With the endorsement of the American Society for Bioethics and Humanities (ASBH) Board of Directors, and the publication of a process to confer eventually a “quality attestation” credential on successful candidates, the ASBH Quality Attestation Presidential Task Force (QAPTF) has begun apilot procedure to assess those involved in providing clinical ethics consultation services. Importantly, it’s unclear at this point if the Task Force will be looking at those who provide consultation as an individual, or as a member of a small group of consultants or as a member of a larger ethics committee.

As part of the pilot to refine the process, the QAPTF has asked those interested to submit a letter of intent. (It is not a requirement that one be an ASBH member to submit a letter of intent.) The Task Force will review the submitted letters and select a representative sample (“a cross-section of eligible candidates whose professions represent the distribution of professions among Clinical Ethics Consultants”). 

The Alden March Bioethics Institute offers a Master of Science in Bioethics, a Doctorate of Professional Studies in Bioethics, and Graduate Certificates in Clinical Ethics and Clinical Ethics Consultation. For more information on AMBI's online graduate programs, please visit our website.

October 25, 2013 | Posted By Wayne Shelton, PhD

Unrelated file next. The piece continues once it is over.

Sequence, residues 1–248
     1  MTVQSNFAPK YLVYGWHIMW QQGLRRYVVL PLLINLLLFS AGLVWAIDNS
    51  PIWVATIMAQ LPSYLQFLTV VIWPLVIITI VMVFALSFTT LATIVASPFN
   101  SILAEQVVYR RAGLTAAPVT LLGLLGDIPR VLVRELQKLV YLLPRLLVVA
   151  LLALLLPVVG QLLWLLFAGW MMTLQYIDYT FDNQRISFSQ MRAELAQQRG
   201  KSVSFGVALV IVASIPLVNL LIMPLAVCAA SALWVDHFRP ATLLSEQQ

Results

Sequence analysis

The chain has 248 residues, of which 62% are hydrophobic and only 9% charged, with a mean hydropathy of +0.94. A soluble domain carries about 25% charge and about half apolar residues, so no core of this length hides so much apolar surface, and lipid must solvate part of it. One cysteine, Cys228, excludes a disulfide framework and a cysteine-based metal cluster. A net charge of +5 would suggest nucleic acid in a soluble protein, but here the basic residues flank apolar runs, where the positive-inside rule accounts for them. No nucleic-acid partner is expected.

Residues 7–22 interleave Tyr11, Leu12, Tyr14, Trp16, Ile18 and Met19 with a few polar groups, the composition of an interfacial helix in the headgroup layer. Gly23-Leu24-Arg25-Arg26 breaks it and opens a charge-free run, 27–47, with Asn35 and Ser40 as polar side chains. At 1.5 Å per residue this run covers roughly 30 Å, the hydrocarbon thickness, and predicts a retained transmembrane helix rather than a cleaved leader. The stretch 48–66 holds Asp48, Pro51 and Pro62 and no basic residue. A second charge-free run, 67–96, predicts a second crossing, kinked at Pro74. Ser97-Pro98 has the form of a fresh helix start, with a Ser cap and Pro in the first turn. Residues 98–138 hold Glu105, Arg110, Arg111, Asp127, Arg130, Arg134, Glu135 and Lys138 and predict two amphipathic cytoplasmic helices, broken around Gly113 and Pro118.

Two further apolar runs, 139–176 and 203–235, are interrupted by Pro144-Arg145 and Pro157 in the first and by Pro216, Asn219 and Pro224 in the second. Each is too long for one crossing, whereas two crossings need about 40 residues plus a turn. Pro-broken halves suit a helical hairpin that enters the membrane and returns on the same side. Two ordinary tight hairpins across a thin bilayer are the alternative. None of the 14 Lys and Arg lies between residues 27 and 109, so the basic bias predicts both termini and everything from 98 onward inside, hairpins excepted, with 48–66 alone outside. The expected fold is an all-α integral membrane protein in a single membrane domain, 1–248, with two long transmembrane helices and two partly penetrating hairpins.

In the summer of 2009 when the Patient Protection Affordable Care Act, also known as the Affordable Care Act (ACA) and Obamacare, was being widely discussed as a front burner political issue, I attended a town hall meeting held by my congressional representative, a moderate democrat, to listen to public comments before he decided whether or not to support the ACA. In the years following the disappointing implosion of healthcare reform during the Clinton administration, honestly, I did not expect to see the issue of healthcare reform back on the political agenda in my lifetime. So I was eager to attend and lend my support for a bill that would expand healthcare coverage for Americans and to hear my congressman respond to questions. When I arrived I was struck by the number of attendees and even more so by the large number of signs and placards with crude slogans linking ACA death panels, Nazism, killing grandma, etc. It was also striking that many of the people there were local working people who were members of the newly formed Tea Party and fierce opponents of the ACA. The negative views being expressed were passionate and urgent: Passage of the ACA would take our country down a path toward socialism, loss of freedom and government interference into the sacred domain of the physician-patient relationship.